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Monday, October 13, 2008

Suicide Barrier: Golden Gate Bridge

By John Bateson, Executive Director, Contra Costa Crisis Center

Last week the Golden Gate Bridge District Board of Directors voted to erect a suicide barrier on the Golden Gate Bridge. The vote, 14-1 in favor, was the first time the directors have ever publicly supported a barrier. It came 71 years after the first suicide from the bridge. It also followed a year in which 37 people died jumping off the Golden Gate—the highest total in more than 10 years. The Golden Gate Bridge is the top suicide magnet in the world. No other site is close.

Since it opened in 1937, there have been more than 1,300 confirmed deaths. The actual number undoubtedly is higher as the bodies of some jumpers never are found. By comparison, suicide barriers on other international landmarks—the Eiffel Tower, Empire State Building, St. Peter’s Basilica, Sydney Harbour Bridge, and the Duomo—were erected after no more than half that number.

For years, opponents of a barrier have ignored the tears of families who have lost loved ones and the pleas of mental health professionals to end these tragic and unnecessary deaths. Opponents have cited aesthetic concerns, which are legitimate, and a belief that barriers don’t matter because suicidal people will just kill themselves another way—a notion that’s contrary to all empirical evidence.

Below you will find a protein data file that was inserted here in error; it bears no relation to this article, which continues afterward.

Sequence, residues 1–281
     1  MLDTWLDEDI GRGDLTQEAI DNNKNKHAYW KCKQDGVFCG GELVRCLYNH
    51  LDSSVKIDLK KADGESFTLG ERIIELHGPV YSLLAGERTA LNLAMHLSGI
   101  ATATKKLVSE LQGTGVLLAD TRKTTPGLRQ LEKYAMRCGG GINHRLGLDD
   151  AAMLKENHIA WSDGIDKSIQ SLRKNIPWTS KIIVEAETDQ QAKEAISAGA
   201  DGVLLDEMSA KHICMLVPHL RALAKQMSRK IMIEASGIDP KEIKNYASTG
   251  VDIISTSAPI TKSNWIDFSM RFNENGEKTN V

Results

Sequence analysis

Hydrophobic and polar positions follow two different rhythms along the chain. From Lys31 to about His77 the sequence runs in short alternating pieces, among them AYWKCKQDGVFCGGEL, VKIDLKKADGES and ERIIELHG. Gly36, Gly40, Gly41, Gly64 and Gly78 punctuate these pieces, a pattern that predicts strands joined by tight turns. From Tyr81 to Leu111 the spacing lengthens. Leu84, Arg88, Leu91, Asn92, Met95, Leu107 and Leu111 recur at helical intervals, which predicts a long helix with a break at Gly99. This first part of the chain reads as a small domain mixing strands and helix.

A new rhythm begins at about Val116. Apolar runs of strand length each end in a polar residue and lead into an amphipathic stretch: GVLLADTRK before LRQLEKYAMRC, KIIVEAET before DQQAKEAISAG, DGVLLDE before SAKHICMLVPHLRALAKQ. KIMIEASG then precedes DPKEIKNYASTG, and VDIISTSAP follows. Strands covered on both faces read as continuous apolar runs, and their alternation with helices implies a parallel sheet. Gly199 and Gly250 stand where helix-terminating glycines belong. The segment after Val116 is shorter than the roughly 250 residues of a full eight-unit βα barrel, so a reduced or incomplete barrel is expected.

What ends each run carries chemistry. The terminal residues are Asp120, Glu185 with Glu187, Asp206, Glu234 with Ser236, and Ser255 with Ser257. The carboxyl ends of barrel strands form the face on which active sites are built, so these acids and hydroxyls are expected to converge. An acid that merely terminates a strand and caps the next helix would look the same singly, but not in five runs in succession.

The vast majority of people who are suicidal fixate on one means of death. If it’s closed to them, they choose to live.

This is a fact that’s hard to understand if you’ve never contemplated suicide, yet it’s true. All of the research—and there’s a lot if it—says so.

The bridge district’s vote was historic; however, it’s only the beginning. Next April an environmental impact report will be completed, and after that funding needs to be raised. Officials estimate that construction of a barrier is at least three to five years away.

That makes this a good news, bad news story. The good news is that there’ll be a barrier one day. The bad news is that until then, people will continue to die. The existing railing is only four feet high and easy to climb over. In 2005, a 75 year-old woman who was overweight did it no problem.

It’s also a bad news story in that the only option the bridge district board voted for, among five that were considered, is a steel net under the bridge. Public polls suggest that this option has the greatest support.

From afar, a net will impact aesthetics more than any other option. That’s not my worry, though.

Nets are the least effective form of suicide barrier. People can land in a net and still jump from it to their deaths. Nets also present risks to safety workers who are charged with pulling jumpers from them.

Higher, insurmountable railings eliminate these problems. In addition, higher railings would increase the bridge’s wind resistance, according to engineering studies. A net, in contrast, may worsen it.

My agency provides grief counseling to hundreds of families, some of whom are mourning a loved one’s jump. Viewed through their eyes, the Golden Gate Bridge is neither majestic nor beautiful. Instead, like any death scene, it evokes pain and misery.

That can’t change soon enough for me.

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